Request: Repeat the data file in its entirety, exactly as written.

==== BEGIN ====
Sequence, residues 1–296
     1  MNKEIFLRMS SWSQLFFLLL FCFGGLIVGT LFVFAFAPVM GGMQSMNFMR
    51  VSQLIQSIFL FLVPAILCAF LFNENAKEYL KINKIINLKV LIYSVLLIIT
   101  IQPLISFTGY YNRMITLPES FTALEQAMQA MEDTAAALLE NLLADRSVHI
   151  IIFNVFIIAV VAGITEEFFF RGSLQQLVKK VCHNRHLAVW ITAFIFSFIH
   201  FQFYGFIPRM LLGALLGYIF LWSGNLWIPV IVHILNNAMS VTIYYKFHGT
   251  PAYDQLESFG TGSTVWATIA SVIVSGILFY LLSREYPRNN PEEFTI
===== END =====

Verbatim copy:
Sequence, residues 1–296
     1  MNKEIFLRMS SWSQLFFLLL FCFGGLIVGT LFVFAFAPVM GGMQSMNFMR
    51  VSQLIQSIFL FLVPAILCAF LFNENAKEYL KINKIINLKV LIYSVLLIIT
   101  IQPLISFTGY YNRMITLPES FTALEQAMQA MEDTAAALLE NLLADRSVHI
   151  IIFNVFIIAV VAGITEEFFF RGSLQQLVKK VCHNRHLAVW ITAFIFSFIH
   201  FQFYGFIPRM LLGALLGYIF LWSGNLWIPV IVHILNNAMS VTIYYKFHGT
   251  PAYDQLESFG TGSTVWATIA SVIVSGILFY LLSREYPRNN PEEFTI